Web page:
Ontario’s Special Needs Strategy

In April of 2018, the Ontario Government released a statement about their new approach to providing services to children with special needs and their families.  

“Ontario’s Special Needs Strategy marks the beginning of a new way of delivering services to children and youth with special needs and their families.”

Ontario Ministry of Children, Community, and Social Services

They identified 3 areas of focus and change:

Developmental Surveillance Initiative
It seems like the focus of this is empowering parents to raise concerns with healthcare providers and early childhood staff by comparing their child’s development to milestones set out in an online tool, which is yet to launch.  This feels a little patronising to me: I don’t think the barrier to services and identification tends of be parents who don’t notice irregularities in their child’s development; it seems to be getting health care providers on-board with pursuing a diagnosis or recognising the validity of a parent’s observations.  I’m curious to see what the online tool framework looks like when it launches.

Coordinated Service Planning
This area deals with having one point agency in each region that will work with families to develop a cohesive, coordinated service plan for children and youth with complex needs, listing key contacts and roles.  The idea of this plan is to increase clarity and accountability, ensuring everyone is working towards the same goals, while limiting the amount of repetition and overlap that can occur when multiple agencies are supporting the same child.  The point agencies seem to generally be the provincial treatment centres in the area.  Check out the responsible agency for your area here.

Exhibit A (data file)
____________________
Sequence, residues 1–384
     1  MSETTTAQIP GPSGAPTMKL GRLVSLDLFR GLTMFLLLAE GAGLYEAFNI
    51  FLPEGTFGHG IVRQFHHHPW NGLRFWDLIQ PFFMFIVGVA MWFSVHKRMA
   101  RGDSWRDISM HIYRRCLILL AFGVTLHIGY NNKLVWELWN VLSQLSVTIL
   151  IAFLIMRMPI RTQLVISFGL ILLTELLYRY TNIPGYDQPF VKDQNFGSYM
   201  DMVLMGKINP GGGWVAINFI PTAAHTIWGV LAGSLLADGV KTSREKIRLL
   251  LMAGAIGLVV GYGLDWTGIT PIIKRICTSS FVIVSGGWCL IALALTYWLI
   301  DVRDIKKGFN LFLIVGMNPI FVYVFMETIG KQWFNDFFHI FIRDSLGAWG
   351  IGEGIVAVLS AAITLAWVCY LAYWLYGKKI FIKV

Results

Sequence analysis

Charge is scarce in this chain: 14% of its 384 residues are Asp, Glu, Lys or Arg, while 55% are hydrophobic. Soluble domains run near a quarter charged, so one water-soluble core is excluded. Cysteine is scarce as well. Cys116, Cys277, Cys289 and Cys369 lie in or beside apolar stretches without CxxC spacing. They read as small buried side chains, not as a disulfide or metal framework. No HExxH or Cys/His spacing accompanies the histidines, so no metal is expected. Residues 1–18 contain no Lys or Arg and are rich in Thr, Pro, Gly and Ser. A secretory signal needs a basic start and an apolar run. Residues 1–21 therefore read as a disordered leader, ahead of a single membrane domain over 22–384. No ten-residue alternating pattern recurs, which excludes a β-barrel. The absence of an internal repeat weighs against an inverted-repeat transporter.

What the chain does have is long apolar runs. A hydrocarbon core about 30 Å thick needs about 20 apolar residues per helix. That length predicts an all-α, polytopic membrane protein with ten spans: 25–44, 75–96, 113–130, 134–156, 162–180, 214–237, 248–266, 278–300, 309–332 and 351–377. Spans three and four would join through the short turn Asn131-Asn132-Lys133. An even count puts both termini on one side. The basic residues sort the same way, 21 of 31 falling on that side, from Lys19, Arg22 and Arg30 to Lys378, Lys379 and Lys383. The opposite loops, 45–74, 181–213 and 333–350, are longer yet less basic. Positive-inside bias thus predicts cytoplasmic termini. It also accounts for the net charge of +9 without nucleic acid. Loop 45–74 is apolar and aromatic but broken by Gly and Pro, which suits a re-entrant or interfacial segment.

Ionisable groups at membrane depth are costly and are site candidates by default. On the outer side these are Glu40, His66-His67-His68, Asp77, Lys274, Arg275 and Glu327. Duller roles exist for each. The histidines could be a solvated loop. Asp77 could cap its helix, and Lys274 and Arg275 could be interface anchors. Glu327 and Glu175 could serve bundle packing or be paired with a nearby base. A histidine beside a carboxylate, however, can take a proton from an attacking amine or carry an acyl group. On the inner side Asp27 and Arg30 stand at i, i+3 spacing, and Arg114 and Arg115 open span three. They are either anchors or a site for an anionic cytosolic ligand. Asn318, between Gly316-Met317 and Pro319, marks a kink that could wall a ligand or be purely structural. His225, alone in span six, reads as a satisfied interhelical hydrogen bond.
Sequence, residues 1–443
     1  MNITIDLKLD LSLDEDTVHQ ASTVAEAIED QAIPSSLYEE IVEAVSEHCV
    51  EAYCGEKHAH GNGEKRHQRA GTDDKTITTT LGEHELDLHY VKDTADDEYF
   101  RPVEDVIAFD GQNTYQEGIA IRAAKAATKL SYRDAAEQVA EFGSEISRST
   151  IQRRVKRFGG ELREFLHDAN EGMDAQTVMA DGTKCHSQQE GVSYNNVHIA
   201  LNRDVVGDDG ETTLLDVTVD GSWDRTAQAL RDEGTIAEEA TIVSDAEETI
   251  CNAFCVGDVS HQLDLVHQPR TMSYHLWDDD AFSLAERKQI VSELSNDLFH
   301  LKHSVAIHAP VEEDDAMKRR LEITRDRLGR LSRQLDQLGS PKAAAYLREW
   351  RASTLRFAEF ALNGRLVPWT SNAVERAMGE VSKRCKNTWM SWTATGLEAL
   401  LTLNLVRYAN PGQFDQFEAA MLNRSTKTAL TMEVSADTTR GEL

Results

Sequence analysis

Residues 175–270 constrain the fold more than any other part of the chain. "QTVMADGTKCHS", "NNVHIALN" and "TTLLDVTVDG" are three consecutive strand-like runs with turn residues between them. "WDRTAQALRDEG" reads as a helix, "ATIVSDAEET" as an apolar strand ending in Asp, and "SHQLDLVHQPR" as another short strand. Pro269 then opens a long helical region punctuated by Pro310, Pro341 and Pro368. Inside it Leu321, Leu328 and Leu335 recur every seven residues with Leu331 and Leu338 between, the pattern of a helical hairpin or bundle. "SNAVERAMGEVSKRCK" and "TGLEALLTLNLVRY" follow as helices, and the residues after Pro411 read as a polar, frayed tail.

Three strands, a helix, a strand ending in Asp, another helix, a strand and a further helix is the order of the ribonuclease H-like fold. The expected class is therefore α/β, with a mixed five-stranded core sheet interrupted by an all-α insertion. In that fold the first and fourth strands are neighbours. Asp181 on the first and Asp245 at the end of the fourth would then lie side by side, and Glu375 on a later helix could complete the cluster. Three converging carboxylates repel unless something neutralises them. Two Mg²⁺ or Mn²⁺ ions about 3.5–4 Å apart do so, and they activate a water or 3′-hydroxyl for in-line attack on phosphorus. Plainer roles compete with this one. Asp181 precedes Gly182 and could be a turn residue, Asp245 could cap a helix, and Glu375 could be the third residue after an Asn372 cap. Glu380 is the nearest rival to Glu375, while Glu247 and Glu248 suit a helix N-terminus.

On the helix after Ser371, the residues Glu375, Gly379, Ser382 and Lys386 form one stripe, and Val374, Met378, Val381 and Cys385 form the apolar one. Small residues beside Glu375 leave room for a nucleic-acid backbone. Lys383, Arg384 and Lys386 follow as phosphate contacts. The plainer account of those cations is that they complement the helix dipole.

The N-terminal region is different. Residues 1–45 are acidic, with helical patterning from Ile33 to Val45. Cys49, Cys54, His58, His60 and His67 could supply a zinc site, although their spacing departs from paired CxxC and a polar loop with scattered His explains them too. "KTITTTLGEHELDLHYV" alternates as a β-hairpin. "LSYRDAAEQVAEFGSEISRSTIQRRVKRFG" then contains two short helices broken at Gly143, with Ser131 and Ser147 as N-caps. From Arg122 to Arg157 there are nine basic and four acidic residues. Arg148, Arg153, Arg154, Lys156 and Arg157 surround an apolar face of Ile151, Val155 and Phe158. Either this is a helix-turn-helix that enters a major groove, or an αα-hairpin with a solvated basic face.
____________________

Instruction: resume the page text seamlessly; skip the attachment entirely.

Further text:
Has anyone had any experiences dealing with one of the point agencies to this point?  How is the connection between treatment-centre-based services and the local school board?

Integrated Delivery of Rehabilitation Services
This area of focus aims to provide continuity of services such as physiotherapy, occupational therapy, and speech-language pathology from birth to school exit, as well as across the entire calendar year.  This could help eliminate the challenges families face with transitions between early intervention providers and school districts, as well as providing services year-round instead of only during the school year.  However, based on the very limited amounts of direct service that is currently publicly provided in these areas, I wonder how much difference will be seen on an individual level without a significant increase in funding.

Parents: what do you think?
What are your thoughts on this new strategy?  Do you think the government has accurately identified key areas that need improvement?  Does anything really strike you as exciting or concerning?  

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